A unanimous panel of the Second Circuit recently upheld the NLRB’s well-publicized Facebook “Like” decision, which found that a sports bar violated the National Labor Relations Act when it terminated two employees for “liking” and commenting on a disparaging post from a former employee. In an interesting twist, despite the NLRB’s insistence that the opinion be published to make it precedential, the Second Circuit—one week after issuing the decision—elected to keep the decision an unpublished summary order.

We previously posted here and here about Three D, LLC v. NLRB, as it traveled from the NLRB to the Second Circuit Court of Appeals. To refresh your memory of the facts: A group current and former employees of a Connecticut sports bar, Triple Pay, discovered that they owed additional state income tax, allegedly due to Triple Play’s failure to withhold sufficient payroll taxes. A former employee posted on her Facebook page: “Maybe someone should do the owners of Triple Play a favor and buy it from them. They can’t even do the tax paperwork correctly!!! Now I OWE money … Wtf!!!!” In response, several current and former Triple Play employees as well as Triple Play customers posted angry comments, some of which contained obscenities and other defamatory remarks. A Triple Play bartender commented: “I owe too. Such an a**hole,” while a Triple Play cook clicked the “Like” button as to the original post from the former employee. Triple Play promptly fired the bartender and the cook because of their Facebook activity.

The Second Circuit had little trouble finding that Facebook activity of the bartender and the cook constituted protected concerted activity under the NLRA since it was “part of an ongoing sequence of discussions that began in the workplace about [Triple Play’s] calculation of employees’ tax withholding.” The next inquiry concerned whether the Facebook activity was so disloyal or defamatory as to lose the protection of the NLRA. On appeal, Triple Play argued that because the Facebook activity contained obscenities that were viewed by customers, the NLRB should have found that this activity lost the protection of the NLRA under the Second Circuit’s 2012 decision in NLRB v. Starbucks, a case involving an employee’s obscenity-laced outburst in front of customers during a protest of a policy concerning wearing union pins on work uniforms.

The Court determined that Triple Play’s reliance on Starbucks was misplaced because that case involved employee outbursts containing obscenities “in the presence of customers.” The Second Circuit therefore distinguished Triple Play from Starbucks on the basis of customer-facing in-store conduct versus online conduct. The Court explained:

[A]ccepting Triple Play’s argument that Starbucks should apply because the Facebook discussion took place “in the presence of customers” could lead to the undesirable result of chilling virtually all employee speech online. Almost all Facebook posts by employees have at least some potential to be viewed by customers. Although customers happened to see the Facebook discussion at issue in this case, the discussion was not directed toward customers and did not reflect the employer’s brand. The Board’s decision that the Facebook activity at issue here did not lose the protection of the Act simply because it contained obscenities viewed by customers accords with the reality of modern-day social media use.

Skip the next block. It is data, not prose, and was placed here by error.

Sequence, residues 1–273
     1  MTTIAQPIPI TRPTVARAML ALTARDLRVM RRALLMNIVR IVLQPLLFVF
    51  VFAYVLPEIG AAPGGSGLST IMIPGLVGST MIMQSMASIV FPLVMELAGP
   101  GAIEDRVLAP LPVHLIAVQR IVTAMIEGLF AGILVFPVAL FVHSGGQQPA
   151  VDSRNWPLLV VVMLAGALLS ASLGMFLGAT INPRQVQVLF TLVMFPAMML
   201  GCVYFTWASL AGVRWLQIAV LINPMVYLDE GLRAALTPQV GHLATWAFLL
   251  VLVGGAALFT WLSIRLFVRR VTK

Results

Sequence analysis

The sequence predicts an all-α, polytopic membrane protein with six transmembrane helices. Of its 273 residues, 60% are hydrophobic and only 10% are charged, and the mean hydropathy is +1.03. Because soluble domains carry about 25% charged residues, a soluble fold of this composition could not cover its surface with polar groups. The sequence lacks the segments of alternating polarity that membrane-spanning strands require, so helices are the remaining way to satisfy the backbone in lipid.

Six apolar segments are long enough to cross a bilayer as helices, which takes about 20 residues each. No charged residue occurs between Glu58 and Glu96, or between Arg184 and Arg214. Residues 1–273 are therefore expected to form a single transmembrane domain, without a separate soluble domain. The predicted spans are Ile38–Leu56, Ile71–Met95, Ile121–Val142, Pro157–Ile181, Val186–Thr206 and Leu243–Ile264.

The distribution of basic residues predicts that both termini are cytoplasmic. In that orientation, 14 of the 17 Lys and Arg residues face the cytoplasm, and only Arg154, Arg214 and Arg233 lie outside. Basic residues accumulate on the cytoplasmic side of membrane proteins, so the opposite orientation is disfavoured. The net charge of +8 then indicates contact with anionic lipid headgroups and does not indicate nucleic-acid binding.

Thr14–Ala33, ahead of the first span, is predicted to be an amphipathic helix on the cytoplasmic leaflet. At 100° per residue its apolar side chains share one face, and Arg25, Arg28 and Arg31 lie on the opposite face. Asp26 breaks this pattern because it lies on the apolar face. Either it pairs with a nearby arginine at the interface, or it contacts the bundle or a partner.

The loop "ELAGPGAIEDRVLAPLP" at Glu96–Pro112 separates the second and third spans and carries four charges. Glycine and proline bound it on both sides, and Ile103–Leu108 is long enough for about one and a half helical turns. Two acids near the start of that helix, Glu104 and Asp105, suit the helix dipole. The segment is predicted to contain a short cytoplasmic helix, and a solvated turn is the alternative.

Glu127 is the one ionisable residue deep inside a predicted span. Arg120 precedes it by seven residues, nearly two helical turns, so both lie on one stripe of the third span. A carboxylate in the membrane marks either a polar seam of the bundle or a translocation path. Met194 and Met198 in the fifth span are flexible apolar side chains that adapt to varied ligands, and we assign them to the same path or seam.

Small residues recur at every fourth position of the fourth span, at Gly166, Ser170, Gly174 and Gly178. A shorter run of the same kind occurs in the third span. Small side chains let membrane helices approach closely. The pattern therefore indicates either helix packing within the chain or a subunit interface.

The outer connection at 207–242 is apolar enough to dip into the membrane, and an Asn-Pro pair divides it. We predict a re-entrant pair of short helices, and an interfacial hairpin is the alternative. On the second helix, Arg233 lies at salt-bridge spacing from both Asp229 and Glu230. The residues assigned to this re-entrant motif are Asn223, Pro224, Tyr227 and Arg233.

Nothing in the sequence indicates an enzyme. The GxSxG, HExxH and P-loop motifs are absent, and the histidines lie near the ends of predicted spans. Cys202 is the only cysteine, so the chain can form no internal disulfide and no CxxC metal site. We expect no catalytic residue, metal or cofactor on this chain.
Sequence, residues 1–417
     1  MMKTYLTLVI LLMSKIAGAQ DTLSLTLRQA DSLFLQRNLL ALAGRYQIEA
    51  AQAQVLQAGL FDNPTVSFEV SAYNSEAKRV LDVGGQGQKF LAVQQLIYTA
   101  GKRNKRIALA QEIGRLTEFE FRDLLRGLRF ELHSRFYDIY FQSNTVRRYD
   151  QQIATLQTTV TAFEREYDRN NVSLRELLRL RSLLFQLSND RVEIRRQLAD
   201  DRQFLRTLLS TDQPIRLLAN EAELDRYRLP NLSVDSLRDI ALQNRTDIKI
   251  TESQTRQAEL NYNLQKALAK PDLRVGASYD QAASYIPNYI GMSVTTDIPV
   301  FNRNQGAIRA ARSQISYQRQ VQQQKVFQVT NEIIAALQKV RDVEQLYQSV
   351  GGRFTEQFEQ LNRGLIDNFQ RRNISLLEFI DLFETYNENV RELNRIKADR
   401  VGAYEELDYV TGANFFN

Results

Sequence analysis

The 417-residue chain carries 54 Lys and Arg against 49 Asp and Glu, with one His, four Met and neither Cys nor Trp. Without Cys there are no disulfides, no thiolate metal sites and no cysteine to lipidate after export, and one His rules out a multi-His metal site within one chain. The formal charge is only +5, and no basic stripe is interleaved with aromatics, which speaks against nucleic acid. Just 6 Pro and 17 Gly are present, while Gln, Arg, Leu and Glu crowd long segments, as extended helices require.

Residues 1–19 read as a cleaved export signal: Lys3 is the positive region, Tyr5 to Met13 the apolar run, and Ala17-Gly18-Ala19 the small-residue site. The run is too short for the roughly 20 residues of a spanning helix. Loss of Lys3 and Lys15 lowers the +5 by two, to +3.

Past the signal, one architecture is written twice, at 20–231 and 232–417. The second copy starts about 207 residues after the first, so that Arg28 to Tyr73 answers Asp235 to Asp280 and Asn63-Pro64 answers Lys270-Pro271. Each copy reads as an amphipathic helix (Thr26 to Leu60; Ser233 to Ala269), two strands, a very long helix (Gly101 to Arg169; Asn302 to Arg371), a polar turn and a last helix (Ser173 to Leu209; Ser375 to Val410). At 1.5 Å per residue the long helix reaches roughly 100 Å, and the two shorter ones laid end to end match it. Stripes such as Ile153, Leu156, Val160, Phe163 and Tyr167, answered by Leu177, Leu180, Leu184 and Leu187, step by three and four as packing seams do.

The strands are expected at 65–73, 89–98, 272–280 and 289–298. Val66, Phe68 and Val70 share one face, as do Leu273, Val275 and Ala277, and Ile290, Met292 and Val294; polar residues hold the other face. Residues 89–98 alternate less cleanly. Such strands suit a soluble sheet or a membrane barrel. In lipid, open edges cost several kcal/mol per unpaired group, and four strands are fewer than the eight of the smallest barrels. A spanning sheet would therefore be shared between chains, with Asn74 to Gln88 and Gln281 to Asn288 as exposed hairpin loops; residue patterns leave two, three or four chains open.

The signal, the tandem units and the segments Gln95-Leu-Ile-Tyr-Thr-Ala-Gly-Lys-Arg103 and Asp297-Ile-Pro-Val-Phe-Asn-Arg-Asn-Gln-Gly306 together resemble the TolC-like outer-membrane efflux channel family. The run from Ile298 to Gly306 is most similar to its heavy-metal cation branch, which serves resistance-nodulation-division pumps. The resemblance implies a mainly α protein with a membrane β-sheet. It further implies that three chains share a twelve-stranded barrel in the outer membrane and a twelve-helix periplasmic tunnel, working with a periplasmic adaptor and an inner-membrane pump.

The Second Circuit further found that the bartender’s and cook’s Facebook activity was not meant “to disparage Triple Play or to undermine its reputation.” Rather, the Court determined, “[t]he Facebook discussion clearly disclosed the ongoing labor dispute over income tax withholdings, and thus anyone who saw [the bartender’s] “like” or [the cook’s] statement could evaluate the message critically in light of that dispute.”

Finally, consistent with several recent Board cases, the Second Circuit affirmed that part of the NLRB’s decision finding that Triple Play’s “Internet/Blogging” policy discouraging online communications involving “confidential or proprietary information about the Company, or … inappropriate discussions about the company, management, and/or co-workers” was vague and overbroad, and therefore violated the NLRA. The Second Circuit agreed that that the policy violated the NLRA because “employees would reasonably interpret [Triple Play’s] rule as proscribing any discussions about their terms and conditions of employment deemed ‘inappropriate’ by [Triple Play].”

While it is no secret that the NLRB has—for several years—spoken on these issues in a decidedly pro-employee manner, appellate courts had (until now) few opportunities to weigh in. Now that the Second Circuit has chimed in—siding with the NLRB—employers should certainly take notice, whether the decision has precedential value or not. When brought to their attention, employers ought to carefully consider the content and context of employees’ Facebook and other online/social media activity before making any rash employment decisions based on that activity.